Education Faculty Publications

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Asian Journal of Distance Education







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After Chinese government firstly released COVID-19 outbreak news in the world, the Chinese educational system launched the emergency remote teaching-learning (ERT) as the response to COVID-19 as new virus pandemic with the mission of “suspending schools without stopping teaching-learning”. The challenges that teachers, students and parents encountered and the ed-tech strategies that teachers and schools used in terms of effective remote teaching-learning has got the attention from the countries around the world. Since parents are the significant stakeholders of K-12 education, for better understanding the challenges in emergency remote teaching-learning from parents’ lens, their reactions are worth a word. In this qualitative case study, parent participants (N=741) from 16 provinces in mainland China gave responses to four open-ended questions in the web-based questionnaires released on (问卷星). The themes emerged from the thematic analysis. The participants emphasized that online teaching-learning can’t replace face-to-face one in the brick-and-mortar classrooms in terms of “no learning atmosphere” from the perspectives of students’ behavior, cognitive and emotion engagement. Parents held a pessimistic attitude towards the quality of online teaching. Parents argued that remote teaching-learning would be a disaster for students with poor self-regulation and learning autonomy. In depth, the parent participants’ concerns about emergency remote teaching-learning mirror the challenge of accountability in remote education. The current study suggests the school administrations to develop the systematic professional development programs for training the collaboration among in-service teachers, students and their parents how to develop online learning community and keeping student engagement in remote learning.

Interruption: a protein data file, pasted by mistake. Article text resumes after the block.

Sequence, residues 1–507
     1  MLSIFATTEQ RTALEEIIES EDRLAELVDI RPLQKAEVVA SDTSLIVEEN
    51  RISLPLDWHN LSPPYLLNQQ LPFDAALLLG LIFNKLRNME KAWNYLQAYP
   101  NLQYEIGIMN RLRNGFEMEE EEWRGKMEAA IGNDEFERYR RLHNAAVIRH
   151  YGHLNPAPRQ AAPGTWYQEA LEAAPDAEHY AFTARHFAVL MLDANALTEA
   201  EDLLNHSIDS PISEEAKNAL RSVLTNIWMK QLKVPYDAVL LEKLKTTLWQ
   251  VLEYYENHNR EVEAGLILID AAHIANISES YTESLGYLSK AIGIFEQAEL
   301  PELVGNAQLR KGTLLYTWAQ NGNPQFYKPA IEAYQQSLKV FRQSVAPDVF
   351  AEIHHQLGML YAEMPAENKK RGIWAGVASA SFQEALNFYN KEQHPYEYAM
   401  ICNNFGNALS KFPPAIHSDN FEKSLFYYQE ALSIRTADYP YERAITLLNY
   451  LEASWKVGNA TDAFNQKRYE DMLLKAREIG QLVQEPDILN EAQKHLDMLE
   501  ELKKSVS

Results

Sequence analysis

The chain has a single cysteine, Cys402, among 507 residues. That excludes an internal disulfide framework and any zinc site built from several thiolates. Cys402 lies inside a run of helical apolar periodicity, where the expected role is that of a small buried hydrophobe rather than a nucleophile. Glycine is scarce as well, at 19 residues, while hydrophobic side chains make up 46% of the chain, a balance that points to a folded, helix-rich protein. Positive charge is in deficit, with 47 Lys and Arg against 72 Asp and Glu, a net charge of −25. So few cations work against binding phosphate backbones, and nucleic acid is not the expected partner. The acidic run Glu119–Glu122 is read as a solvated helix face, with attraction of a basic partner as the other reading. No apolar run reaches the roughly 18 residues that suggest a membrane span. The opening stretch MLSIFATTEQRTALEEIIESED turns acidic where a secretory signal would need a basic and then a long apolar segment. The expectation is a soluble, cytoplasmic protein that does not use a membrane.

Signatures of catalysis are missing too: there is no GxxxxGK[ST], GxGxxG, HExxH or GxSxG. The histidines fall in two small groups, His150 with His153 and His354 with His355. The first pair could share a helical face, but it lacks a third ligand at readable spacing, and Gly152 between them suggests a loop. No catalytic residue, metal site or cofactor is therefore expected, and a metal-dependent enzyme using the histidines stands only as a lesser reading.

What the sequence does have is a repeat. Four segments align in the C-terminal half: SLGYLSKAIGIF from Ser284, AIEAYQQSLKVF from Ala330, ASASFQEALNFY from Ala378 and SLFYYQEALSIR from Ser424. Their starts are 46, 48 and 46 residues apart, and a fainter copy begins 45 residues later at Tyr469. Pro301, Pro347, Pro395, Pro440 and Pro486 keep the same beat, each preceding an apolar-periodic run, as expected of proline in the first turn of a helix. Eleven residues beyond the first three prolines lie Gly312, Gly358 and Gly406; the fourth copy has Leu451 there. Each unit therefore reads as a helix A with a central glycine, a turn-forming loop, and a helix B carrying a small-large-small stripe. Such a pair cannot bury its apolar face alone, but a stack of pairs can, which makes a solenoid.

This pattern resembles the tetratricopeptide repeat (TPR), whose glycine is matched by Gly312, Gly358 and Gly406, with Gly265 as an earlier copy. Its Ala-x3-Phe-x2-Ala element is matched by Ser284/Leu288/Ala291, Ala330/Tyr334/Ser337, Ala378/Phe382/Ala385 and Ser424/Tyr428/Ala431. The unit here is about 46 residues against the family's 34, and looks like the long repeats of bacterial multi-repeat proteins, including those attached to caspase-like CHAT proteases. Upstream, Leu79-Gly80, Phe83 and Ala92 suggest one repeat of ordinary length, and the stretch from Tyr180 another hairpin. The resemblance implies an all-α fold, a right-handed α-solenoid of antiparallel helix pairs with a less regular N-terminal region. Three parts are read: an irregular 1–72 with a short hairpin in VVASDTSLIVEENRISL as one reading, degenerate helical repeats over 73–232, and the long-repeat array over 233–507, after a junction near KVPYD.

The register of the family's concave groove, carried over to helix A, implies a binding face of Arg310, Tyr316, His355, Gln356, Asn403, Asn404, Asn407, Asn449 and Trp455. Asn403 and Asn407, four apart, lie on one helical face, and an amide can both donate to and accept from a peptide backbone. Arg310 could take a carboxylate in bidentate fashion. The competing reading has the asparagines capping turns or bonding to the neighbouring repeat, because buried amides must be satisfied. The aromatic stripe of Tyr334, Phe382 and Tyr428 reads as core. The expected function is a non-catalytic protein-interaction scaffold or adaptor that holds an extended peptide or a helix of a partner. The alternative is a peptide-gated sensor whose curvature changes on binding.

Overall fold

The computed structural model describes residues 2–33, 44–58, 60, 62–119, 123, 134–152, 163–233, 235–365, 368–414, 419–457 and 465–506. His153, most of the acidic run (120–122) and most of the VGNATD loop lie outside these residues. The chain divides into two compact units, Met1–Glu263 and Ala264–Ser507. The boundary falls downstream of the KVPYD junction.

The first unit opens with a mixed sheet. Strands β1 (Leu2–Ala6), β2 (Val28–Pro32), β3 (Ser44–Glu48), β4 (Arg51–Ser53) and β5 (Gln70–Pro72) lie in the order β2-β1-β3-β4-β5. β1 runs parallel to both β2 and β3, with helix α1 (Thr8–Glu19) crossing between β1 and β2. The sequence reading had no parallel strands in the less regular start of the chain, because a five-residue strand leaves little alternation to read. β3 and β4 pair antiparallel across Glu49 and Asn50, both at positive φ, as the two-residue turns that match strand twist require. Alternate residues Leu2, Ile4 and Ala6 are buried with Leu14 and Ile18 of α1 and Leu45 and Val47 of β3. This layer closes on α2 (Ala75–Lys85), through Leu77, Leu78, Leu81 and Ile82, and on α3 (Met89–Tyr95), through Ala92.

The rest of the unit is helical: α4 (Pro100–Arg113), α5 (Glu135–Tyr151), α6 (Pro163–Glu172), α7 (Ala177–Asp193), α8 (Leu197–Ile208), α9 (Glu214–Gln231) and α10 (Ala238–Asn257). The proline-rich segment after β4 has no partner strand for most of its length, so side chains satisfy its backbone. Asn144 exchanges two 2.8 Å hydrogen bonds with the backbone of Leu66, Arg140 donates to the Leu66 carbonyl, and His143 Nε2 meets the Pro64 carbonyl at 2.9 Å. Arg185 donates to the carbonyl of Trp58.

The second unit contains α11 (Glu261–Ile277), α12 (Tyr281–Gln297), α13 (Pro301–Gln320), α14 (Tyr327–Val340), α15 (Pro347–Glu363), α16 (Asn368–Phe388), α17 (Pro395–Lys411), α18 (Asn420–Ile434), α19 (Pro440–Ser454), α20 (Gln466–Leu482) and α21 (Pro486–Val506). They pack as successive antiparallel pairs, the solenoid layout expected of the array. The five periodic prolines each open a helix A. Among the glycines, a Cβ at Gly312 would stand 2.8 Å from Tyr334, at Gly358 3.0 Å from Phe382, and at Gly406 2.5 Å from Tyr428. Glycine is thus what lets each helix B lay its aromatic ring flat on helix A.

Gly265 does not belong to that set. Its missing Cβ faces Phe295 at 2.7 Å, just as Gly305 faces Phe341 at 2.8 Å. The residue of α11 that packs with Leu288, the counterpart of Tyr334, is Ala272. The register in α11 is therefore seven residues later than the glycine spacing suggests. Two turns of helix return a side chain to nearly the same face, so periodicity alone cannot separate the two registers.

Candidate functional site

Emergency remote teaching-learning, COVID-19, parents’ attitude, face-to-face teaching-learning, learning atmosphere, student engagement

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Creative Commons Attribution-Share Alike 4.0 License
This work is licensed under a Creative Commons Attribution-Share Alike 4.0 License.



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